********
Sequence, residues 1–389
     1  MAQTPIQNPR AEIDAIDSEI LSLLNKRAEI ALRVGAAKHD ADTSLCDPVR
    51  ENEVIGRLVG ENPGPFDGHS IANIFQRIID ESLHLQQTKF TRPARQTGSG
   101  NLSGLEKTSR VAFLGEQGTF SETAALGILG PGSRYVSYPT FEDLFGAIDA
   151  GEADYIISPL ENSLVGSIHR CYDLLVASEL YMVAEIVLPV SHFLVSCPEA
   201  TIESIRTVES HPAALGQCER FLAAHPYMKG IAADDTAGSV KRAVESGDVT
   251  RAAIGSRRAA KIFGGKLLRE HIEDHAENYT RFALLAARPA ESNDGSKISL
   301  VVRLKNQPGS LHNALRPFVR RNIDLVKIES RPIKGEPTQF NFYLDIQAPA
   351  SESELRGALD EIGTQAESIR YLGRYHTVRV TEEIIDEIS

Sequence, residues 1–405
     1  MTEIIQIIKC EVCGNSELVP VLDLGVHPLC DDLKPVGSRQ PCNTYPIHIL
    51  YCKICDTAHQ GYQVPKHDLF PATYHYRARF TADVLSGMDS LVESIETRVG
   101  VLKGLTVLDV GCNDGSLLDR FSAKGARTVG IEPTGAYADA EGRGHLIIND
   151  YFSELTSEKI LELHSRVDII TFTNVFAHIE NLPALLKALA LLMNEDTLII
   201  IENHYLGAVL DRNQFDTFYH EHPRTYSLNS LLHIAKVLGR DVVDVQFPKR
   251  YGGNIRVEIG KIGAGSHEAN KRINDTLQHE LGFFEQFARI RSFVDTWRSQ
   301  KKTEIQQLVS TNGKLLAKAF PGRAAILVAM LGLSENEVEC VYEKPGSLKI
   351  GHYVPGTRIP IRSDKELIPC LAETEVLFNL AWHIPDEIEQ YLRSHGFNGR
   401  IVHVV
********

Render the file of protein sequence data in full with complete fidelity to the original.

Sequence, residues 1–389
     1  MAQTPIQNPR AEIDAIDSEI LSLLNKRAEI ALRVGAAKHD ADTSLCDPVR
    51  ENEVIGRLVG ENPGPFDGHS IANIFQRIID ESLHLQQTKF TRPARQTGSG
   101  NLSGLEKTSR VAFLGEQGTF SETAALGILG PGSRYVSYPT FEDLFGAIDA
   151  GEADYIISPL ENSLVGSIHR CYDLLVASEL YMVAEIVLPV SHFLVSCPEA
   201  TIESIRTVES HPAALGQCER FLAAHPYMKG IAADDTAGSV KRAVESGDVT
   251  RAAIGSRRAA KIFGGKLLRE HIEDHAENYT RFALLAARPA ESNDGSKISL
   301  VVRLKNQPGS LHNALRPFVR RNIDLVKIES RPIKGEPTQF NFYLDIQAPA
   351  SESELRGALD EIGTQAESIR YLGRYHTVRV TEEIIDEIS

Sequence, residues 1–405
     1  MTEIIQIIKC EVCGNSELVP VLDLGVHPLC DDLKPVGSRQ PCNTYPIHIL
    51  YCKICDTAHQ GYQVPKHDLF PATYHYRARF TADVLSGMDS LVESIETRVG
   101  VLKGLTVLDV GCNDGSLLDR FSAKGARTVG IEPTGAYADA EGRGHLIIND
   151  YFSELTSEKI LELHSRVDII TFTNVFAHIE NLPALLKALA LLMNEDTLII
   201  IENHYLGAVL DRNQFDTFYH EHPRTYSLNS LLHIAKVLGR DVVDVQFPKR
   251  YGGNIRVEIG KIGAGSHEAN KRINDTLQHE LGFFEQFARI RSFVDTWRSQ
   301  KKTEIQQLVS TNGKLLAKAF PGRAAILVAM LGLSENEVEC VYEKPGSLKI
   351  GHYVPGTRIP IRSDKELIPC LAETEVLFNL AWHIPDEIEQ YLRSHGFNGR
   401  IVHVV